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Citing Your Sources

Use these resources to aid in your citation writing process.

Chicago Style for the Humanitites

Chicago Notes and Bibliographies (NB) is also known at Chicago Humanities . 

You should use a note (endnote or footnote) each time you use a source, whether through a direct quote, paraphrase, or summary. A superscript number corresponding to a note should be placed following the end of the sentence or clause in which the source is referenced. The note begins with the appropriate number followed by a period and then a space. 

The first note for each source should include all relevant information about the source. The second note should only include the author's last name, an abbreviated title, and page number.

If you cite the same source and page  from a single source two or more times consecutively, the note should use the word “Ibid.” If you use the same source but a different page, the note should use “Ibid.” followed by a comma and the new page.

Journal Articles

Journal Article

Last name, First name. "Article Title." Journal title volume, no. (year): pages. DOI if available, otherwise URL. 

Example:

Menjivar, Cecilia. "Liminal Legality: Salvadoran and Guatemalan Immigrants' Lives in the United States." American Journal of Sociology 111, no. 4 (2006): 999-1037. doi:10.1086/499509.

Journal article with multiple authors

Last name, First name, and first name Last Name. "Article Title." Journal title volume, no. (year): pages. DOI if available, otherwise URL.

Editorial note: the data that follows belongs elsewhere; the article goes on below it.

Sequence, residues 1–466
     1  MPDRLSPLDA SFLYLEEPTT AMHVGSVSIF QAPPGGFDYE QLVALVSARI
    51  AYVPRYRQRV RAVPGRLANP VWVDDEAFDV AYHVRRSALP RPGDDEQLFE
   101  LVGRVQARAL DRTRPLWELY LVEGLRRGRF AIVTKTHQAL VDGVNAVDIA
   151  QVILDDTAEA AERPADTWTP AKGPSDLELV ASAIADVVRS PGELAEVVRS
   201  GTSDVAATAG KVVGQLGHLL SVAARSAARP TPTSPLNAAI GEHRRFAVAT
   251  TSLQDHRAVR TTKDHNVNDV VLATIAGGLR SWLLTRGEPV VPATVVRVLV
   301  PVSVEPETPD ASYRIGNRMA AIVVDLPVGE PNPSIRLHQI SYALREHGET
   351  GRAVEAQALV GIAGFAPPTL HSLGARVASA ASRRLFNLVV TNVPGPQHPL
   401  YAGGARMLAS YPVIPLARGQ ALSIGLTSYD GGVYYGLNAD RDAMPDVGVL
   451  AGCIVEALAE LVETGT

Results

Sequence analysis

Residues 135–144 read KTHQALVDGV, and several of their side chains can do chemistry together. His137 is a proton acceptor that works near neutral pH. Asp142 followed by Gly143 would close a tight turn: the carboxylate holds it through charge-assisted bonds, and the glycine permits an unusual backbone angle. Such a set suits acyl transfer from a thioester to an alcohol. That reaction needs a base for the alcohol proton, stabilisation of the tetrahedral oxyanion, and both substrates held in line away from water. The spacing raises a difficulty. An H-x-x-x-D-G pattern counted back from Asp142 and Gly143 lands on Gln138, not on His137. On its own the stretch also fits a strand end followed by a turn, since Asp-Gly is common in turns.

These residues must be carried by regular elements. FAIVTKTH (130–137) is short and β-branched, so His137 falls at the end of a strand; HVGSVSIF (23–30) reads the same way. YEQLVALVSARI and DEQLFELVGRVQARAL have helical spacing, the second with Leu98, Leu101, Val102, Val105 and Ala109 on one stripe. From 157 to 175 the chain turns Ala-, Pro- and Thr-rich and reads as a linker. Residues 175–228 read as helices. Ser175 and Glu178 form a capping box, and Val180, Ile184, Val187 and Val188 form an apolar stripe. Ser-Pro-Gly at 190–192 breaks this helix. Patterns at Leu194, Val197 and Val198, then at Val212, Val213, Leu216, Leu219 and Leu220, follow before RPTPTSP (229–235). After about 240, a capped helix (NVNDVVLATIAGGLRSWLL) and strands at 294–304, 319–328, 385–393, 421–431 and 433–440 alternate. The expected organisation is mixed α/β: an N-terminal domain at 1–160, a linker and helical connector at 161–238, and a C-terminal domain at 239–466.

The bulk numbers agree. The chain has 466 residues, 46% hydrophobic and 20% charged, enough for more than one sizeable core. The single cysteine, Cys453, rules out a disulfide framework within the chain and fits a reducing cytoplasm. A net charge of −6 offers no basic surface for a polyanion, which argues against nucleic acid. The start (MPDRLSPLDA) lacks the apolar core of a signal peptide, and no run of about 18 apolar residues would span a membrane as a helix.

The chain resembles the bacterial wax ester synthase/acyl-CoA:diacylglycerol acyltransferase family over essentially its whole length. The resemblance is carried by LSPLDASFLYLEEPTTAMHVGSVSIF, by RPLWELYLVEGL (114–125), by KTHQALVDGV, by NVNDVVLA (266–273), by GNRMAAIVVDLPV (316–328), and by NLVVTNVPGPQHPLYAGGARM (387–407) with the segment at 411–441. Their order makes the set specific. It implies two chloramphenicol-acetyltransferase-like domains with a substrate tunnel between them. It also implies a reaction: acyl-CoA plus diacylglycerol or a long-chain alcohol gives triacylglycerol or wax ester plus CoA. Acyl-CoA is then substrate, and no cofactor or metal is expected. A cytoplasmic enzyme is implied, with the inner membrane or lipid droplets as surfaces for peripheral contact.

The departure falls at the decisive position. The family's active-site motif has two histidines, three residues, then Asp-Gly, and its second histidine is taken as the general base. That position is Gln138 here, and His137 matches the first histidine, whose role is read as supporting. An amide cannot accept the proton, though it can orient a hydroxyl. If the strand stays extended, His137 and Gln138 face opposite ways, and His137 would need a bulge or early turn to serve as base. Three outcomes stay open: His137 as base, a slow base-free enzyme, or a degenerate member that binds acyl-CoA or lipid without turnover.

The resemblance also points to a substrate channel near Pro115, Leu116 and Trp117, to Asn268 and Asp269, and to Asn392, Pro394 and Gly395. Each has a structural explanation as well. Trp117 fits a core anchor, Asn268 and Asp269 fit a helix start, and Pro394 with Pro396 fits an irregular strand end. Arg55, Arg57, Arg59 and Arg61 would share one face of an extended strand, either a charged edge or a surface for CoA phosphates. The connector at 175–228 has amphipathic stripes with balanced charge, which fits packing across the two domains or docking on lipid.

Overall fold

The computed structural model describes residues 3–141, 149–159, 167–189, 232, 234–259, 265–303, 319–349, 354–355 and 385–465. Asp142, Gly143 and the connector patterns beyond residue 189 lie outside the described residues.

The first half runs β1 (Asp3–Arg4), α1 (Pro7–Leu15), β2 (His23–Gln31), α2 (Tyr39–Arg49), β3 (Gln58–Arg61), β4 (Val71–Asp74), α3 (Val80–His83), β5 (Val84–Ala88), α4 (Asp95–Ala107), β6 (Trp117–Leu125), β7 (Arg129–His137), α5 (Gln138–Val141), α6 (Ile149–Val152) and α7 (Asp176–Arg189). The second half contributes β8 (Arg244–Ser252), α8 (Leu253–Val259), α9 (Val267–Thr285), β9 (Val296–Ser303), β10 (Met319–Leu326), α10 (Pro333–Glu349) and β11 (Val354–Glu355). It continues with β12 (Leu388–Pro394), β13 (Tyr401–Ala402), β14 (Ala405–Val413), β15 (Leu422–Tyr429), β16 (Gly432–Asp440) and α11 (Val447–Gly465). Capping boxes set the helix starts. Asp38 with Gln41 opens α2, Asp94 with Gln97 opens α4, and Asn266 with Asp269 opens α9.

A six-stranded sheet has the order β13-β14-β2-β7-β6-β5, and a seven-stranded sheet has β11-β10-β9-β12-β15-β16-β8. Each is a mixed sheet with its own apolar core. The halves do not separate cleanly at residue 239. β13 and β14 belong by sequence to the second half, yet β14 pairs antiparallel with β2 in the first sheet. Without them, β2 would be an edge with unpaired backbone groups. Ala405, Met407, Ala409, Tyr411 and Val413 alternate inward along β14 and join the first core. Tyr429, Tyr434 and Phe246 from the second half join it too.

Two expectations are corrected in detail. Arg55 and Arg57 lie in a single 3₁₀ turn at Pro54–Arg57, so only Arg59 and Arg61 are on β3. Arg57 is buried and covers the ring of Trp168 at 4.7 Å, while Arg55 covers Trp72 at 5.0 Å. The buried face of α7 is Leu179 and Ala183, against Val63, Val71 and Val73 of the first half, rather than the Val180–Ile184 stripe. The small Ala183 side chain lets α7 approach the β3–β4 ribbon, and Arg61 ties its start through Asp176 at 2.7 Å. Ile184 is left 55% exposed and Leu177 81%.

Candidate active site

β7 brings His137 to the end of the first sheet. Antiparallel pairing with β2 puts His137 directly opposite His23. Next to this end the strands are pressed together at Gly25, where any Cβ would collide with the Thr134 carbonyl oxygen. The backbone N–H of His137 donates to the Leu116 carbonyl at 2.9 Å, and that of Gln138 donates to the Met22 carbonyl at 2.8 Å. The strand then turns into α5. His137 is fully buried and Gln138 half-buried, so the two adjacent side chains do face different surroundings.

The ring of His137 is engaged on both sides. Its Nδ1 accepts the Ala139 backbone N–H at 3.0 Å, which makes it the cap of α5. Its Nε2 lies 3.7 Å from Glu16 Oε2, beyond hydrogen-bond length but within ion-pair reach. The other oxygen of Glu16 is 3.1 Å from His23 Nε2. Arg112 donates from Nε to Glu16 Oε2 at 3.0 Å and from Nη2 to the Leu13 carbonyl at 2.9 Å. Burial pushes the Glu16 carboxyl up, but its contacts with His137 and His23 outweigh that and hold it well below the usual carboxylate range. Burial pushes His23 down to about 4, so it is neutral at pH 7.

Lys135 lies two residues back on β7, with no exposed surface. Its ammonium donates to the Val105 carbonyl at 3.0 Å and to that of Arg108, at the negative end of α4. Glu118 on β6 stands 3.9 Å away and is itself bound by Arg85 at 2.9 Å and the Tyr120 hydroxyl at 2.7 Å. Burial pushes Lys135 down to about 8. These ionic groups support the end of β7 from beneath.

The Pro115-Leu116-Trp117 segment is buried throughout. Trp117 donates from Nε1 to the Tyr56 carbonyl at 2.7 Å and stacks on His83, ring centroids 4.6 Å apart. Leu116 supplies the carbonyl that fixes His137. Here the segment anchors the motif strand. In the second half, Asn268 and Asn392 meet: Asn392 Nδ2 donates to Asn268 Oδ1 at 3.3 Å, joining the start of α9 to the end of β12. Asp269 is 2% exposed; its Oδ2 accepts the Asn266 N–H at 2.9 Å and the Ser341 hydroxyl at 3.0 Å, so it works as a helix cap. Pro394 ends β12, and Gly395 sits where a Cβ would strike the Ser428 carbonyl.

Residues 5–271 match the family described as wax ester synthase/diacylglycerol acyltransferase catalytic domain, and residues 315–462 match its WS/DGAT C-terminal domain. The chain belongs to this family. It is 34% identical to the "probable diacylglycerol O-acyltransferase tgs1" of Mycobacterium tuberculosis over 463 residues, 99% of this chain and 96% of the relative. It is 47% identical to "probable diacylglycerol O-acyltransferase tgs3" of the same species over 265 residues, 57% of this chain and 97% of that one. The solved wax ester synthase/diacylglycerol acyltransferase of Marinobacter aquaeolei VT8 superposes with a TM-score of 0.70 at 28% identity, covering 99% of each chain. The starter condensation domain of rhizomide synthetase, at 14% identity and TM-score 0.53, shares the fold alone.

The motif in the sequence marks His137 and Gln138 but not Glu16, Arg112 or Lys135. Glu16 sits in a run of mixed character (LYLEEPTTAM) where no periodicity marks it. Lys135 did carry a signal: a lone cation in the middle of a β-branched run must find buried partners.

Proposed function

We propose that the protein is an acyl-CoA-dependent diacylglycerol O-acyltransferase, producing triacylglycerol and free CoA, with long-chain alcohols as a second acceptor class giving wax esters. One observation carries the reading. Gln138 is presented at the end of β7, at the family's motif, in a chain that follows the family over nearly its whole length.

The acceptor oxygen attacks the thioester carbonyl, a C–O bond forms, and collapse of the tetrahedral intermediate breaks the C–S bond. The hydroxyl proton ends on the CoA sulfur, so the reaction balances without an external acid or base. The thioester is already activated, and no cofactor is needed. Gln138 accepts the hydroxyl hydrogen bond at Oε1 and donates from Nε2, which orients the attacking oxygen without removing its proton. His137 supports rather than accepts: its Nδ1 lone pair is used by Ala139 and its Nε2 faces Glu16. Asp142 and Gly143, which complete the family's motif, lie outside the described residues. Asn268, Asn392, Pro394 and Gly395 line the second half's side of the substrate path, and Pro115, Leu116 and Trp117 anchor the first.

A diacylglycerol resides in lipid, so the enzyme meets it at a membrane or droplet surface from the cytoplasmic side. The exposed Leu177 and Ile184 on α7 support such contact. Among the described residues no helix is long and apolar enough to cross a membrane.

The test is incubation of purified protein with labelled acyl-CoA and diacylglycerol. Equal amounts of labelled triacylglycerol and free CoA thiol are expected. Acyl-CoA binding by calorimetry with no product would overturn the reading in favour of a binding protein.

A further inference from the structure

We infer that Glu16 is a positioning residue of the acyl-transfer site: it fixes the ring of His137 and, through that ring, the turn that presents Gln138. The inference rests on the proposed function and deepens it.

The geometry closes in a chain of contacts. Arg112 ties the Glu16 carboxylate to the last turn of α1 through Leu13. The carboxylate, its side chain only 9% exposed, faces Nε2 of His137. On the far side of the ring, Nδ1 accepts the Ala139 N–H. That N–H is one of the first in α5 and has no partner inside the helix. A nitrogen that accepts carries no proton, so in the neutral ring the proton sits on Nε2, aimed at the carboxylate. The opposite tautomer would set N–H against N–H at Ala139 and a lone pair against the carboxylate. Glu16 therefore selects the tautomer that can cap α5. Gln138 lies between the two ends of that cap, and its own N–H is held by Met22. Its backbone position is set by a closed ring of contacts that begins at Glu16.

Example:

Jovanic, Boyan, and Peter L. Rousseau. "Specific Capital and Technological Variety." Journal of Human Capital 2 (Summer 2008): 129-52. doi:10.1086/590066.

For works with more than 10 authors, list the first seven followed by et al.

Legal Documents

Legal documents are only cited in notes, not in the bibliography.

Laws and Statues

Bills or joint resolutions that have been signed into law - "public laws," or statues - are first published separately, as slip laws, and then collected in the annual bound volumes of the United States Statues at Large (abbreviated in legal style as Stat.), where they are referred to as session laws. Later they are incorporated into the United States Code (U.S.C.).

Act, Pub. L. No. Congress-Law number, Volume Code Title Page (year). 

Example:

Homeland Security Act of 2002, Pub. L. no. 107-296, 116 Stat. 2135 (2002).

Bills and Resolutions

Congressional bills (proposed laws) and resolutions are published in pamphlet form (slip bills). In citations, bills or resolutions originating in the House of Representatives are abbreviated "H.R." or "H.R. Res.," and those orginating in the Senate, "S." or "S. Res." The title of the bill (if there is one) is followed by the bill number, the congressional session, a section number (if relevant), and the year of publication in parentheses. Authors wishing to cite a bill that has since been enacted should cite it as a statue.

Title of bill. Bill number, Congress. (year).

Example:

Homeland Security Act of 2002, H.R. 5005, 107th Cong. (2002).

Cases or Court Decisions

Case names, including the abbreviation v., are set roman in notes; short forms in subsequent citation are italicized (as are case names mentioned in running text). Full citations include volume number (Arabic), abbreviated name of the report, the ordinal series number of the report (if applicable), the abbreviated name of the court (if not specified by the reporter) and the date together in parentheses, and other relevant information. A single page number designates an actual page cited, In a shortened citation, at is used to cite a particular page; absence of at implies reference to the decision as a whole. 

Case name, volume Abbreviated Report,  series number (abbreviated court name year).

Example:

United States v. Christmas, 222 F.3d 141, 145 (4th Cir. 2000).